GTS Press Conference Overview, Arcane Wonders, Crystal Commerce

At the 2012 GAMA Trade Show, all press pass holders were required to attend a press conference on Thursday of the show, taking time away from covering the Exhibitors’ Hall. Several members of the press at the show did not attend. They missed out on a number of smaller game designers and publishers. This year Press Coordinator Erica Gifford made a number of improvements, starting with dropping the mandatory press conference. There was a Media Center in the Exhibitors’ Hall, drastically reducing time exhibitors were away from their booths, as well as a Press Room in the opposite side of Bally’s near the seminar rooms.

Another improvement was the variety in those speaking at the Press Conference, ranging from nervous first-time game designers to Cool Mini or Not director Dave Doust, Wizkids staff, and Osprey Publishing. While it’s questionable that the larger companies will get much benefit from the 5-10 minutes they spent addressing the assembled press, for the smaller presenters, it may have been their only opportunity to receive any media coverage. Unfortunately there are only 10 hours to scope out the 110 plus exhibitors for the two days that the Exhibitors’ Hall is open. Every year LivingDice.com tries to cover as many of the exhibitors present as possible, but several probably slip through the cracks.

The Press

As for the press, the following were at the Media Center on Thursday afternoon at 2 PM:

16 chairs at press conference with Tom Vasel, Eric Summerer, Milton Griepp, Scott Forster, and Larry Dunne in them

Meet the Press: ICv2, The Dice Tower, Pulp Gamer, and Tyro Magazine in the Flesh

That was it. While the quantity of press present might call for ironic quotations around “press conference”, the quality of those present perhaps made up for it. For the most part, there were no follow-up questions after the presenters talked about their game releases, which was another positive change from the previous year, when there seemed to be questions posed more out of politeness than any attempt to really gather information.

Arcane Wonders

Arcane Wonders employees speak to press with Mage Wars boxes in hand

Arcane Wonders: Byran Pope & Patrick Connor

Bryan Pope and Patrick Connor from Arcane Wonders provided an update on Mage Wars, which had its big release last August at Gen Con, selling over 15,000 copies to date. Pope had previously spoken at the 2012 GTS about the game when it was still in development, a five year process of figuring out and balancing the math for all the wizards and spells involved. The Force Master vs Warlord expansion came out in February and retails for $39.99. The Force Master’s spell book focuses on telekinesis and mind control while the Warlord excels at zone control. This summer Arcane Wonders will add a second expansion, releasing the Druid vs the Necromancer at Gen Con 2013 in August, also with a target price of $39.99.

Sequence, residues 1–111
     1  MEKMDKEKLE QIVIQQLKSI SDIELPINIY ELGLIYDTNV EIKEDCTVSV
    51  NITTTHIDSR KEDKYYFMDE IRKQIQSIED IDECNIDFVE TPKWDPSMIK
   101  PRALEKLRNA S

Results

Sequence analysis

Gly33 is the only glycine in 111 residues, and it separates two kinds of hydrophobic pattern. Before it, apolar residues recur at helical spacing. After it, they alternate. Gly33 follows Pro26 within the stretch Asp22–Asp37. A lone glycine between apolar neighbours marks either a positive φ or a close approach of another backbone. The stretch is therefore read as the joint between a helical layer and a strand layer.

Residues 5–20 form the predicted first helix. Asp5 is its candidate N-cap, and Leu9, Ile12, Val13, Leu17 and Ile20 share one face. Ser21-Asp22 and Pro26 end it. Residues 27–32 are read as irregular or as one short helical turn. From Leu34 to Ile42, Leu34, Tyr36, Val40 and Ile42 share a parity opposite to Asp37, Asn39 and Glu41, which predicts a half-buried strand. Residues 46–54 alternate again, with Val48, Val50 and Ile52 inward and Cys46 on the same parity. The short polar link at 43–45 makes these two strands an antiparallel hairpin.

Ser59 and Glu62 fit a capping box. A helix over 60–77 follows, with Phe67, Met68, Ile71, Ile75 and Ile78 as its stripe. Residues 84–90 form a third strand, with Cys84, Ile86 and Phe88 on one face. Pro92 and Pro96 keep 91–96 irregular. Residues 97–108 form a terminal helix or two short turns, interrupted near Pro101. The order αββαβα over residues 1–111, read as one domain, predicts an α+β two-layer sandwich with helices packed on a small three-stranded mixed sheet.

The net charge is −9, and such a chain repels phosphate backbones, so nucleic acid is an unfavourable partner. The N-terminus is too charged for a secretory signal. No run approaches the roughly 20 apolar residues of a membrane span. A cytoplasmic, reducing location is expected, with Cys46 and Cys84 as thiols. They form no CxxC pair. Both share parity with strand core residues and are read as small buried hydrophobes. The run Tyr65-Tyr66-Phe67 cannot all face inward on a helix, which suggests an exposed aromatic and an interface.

The Mage Wars Organized Play kits are also doing very well with Arcane Wonders selling out of the first batch of them, despite printing twice as many as they thought they needed. Each kit comes with 36 gold foil promotional cards and costs retailers approximately $12 to order via their distributors. Players also impact the ongoing storyline set in the world of Etheria with their victories and losses, which are recorded and then compiled by Arcane Wonders. Arcane Wonders is also planning a spell book two-pack. This will allow aspiring mages to build multiple spell books. For example, a Beastmaster could have a hunter Beastmaster spell book, a shepherd Beastmaster spell book, or one built around the strategy of turtling. Another plan in the works is alternative artwork for mages, such as a Female Beastmaster, which will come in their next spell tome expansion. Each mage will also receive an alternative ability card, which may include one or two different abilities as well as possible stat changes.

Crystal Commerce

E-commerce Expert Anthony Gallela from Crystal Commerce in long-sleeved blue shirt

Crystal Commerce’s Anthony Gallela

Anthony Gallela from Crystal Commerce spoke next. Crystal Commerce’s ability to include singles, individual comic titles (including upcoming releases from Diamond Previews), and its integration with POS systems were some of the advantages he cited. Another service Crystal Commerce offers to gaming store clients is web hosting including a web storefront. Actual website design is also available for a fee, but the complimentary hosting includes a free template. Crystal Commerce will customize the template with a client’s logo for free. Crystal Commerce sites integrate with Amazon, eBay, and TCGPlayer. Retailers consequently only have one inventory to manage and the amount of work in inputting data is significantly reduced, down to just the item’s price to the end customer. Customers can also buy tickets or pay entry fees to events like Friday Night Magic using the Crystal Commerce software. They also have the option of in-store pickup for anything ordered online.